Francis Pryor’s talk at ArchFest, ‘Stonehenge: The Story of a Sacred Landscape’ was a surprise, and all the more interesting for that of course.
He began by saying that we would never fully understand the ancient monuments that surround us (particularly in Wiltshire it seems!) but he suggested that we don’t anyway fully understand our own sacred monuments. In saying this, he gestured towards our own magnificent Salisbury Cathedral. That got me thinking. And he hadn’t even mentioned Stonehenge as yet!
I have included here a piece from his own blog which tells us a little about his background and begins to explain his own theory about Stonehenge and places like it.
I’ve been an archaeologist for over forty years and have excavated several major sites, mostly in the Fens of eastern England. I’ve also tried to bring archaeology to a wider audience, with a number of books, radio and television programmes, of which Time Team is the best known. When not writing or digging, I’m also a sheep farmer and keen gardener. But like most people, I get bees in my bonnet – obsessions, call them what you like. Most of my worries are about the general disregard for the achievements of people in the past and the failure of politicians, both local and national, to learn the lessons of history.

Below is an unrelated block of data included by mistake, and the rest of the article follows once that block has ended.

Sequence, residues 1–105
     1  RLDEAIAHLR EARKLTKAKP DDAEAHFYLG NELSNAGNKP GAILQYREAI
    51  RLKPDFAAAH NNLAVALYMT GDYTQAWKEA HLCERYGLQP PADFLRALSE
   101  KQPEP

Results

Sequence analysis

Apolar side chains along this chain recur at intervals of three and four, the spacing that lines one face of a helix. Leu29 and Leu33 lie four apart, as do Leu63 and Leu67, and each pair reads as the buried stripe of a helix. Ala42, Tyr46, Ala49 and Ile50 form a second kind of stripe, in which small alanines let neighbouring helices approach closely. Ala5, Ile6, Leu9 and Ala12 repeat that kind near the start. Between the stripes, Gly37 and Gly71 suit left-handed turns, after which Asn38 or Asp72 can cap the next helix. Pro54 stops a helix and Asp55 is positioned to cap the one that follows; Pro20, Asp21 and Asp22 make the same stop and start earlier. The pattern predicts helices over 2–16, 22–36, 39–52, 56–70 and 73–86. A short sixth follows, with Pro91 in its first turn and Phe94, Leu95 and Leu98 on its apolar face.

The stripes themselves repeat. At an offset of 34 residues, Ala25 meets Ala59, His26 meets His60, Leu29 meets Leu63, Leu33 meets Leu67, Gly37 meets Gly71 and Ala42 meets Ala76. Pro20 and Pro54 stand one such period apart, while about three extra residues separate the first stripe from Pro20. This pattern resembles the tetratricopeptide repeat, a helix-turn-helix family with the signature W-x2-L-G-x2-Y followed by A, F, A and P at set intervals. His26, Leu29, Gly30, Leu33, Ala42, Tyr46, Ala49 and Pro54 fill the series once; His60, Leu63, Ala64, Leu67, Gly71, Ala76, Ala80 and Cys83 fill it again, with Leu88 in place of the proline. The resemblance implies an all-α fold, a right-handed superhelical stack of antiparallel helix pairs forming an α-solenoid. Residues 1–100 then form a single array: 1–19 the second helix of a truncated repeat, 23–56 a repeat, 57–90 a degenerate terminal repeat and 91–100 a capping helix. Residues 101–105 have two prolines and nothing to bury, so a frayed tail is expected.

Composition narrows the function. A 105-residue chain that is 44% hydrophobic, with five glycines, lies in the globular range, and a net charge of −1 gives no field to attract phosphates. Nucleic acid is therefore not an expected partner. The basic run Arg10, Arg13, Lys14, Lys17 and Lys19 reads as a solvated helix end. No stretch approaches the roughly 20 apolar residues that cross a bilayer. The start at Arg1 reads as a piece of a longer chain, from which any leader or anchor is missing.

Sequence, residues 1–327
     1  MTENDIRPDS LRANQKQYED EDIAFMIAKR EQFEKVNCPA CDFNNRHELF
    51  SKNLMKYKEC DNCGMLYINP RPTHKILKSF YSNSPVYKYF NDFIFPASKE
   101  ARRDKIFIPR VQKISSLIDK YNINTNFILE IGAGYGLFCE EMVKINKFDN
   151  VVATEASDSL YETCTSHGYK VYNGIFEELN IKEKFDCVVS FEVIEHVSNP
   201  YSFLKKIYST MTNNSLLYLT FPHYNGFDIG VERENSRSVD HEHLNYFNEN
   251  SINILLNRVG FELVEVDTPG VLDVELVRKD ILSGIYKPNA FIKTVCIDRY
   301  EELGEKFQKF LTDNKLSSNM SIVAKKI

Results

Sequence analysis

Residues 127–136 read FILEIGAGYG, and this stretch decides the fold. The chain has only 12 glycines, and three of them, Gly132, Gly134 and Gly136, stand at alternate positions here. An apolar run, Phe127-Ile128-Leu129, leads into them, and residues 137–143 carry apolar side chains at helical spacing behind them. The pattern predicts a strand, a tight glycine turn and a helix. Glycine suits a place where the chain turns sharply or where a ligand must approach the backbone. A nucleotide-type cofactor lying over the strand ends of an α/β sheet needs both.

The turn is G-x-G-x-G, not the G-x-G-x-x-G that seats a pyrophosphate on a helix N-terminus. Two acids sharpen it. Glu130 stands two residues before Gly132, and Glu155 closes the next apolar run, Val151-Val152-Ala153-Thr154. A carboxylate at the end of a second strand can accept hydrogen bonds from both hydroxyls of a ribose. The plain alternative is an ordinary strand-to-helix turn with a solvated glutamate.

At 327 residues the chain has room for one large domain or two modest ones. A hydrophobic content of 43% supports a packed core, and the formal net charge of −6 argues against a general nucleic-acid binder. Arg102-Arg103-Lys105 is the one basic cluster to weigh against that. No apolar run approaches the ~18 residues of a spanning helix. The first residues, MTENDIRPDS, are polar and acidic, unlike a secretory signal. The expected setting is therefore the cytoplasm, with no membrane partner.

Francis shared most of this with us in his talk. He explained that because the people who built and used Stonehenge were farmers, like himself, he tried to see the monument through their eyes. A view surely not unlike his own. It is a mistake, he said, to see the great henges as places that were each the creation of some megalomaniac figure. Rather they are the product of people, not unlike himself, as a farmer, and not unlike any of us, really. Just as we have our churches, graves, and memorials, so they wanted to record, celebrate and remember, loved ones.
The great megaliths are almost certainly he suggested, as we would suspect, representing Gods or great figures from within their society, and the smaller bluestones almost certainly representing local people. He also suggested that the numerous carvings of axes on some of the uprights are each representing a person.
It is important to remember that Stonehenge was built, added to, abandoned and re-used over centuries, anyway and so there would be subtle changes all the time in how it was used.
I kept remembering his opening remarks about Salisbury Cathedral. He is quite right, that in thousands of years’ time, no one will be able to precisely imagine, measure or record the feeling that the building gives us as we, Christians or not, walk into the Close. No one will be able to measure the awe we feel, its importance in our lives, the feeling it gives us for our own history. The magic.
Stonehenge was, and had, all of that for the peoples of the times in which it was the centre of their lives. And to a degree that magic lives on, even though we are no longer sure why it was built in the first place.